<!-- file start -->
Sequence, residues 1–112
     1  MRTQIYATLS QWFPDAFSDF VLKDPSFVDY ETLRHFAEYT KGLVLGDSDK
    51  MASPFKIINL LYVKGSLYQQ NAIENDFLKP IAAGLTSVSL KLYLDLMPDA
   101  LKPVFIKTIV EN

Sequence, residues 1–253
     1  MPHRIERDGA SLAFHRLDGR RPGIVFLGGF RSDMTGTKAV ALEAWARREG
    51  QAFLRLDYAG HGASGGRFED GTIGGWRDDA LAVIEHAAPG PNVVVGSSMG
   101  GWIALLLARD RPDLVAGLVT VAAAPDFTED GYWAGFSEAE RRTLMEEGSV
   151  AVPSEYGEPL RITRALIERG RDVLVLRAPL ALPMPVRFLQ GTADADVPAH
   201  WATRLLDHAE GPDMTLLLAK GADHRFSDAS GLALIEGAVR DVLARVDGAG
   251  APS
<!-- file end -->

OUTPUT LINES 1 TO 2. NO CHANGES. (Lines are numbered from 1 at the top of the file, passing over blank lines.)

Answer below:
Sequence, residues 1–112
     1  MRTQIYATLS QWFPDAFSDF VLKDPSFVDY ETLRHFAEYT KGLVLGDSDK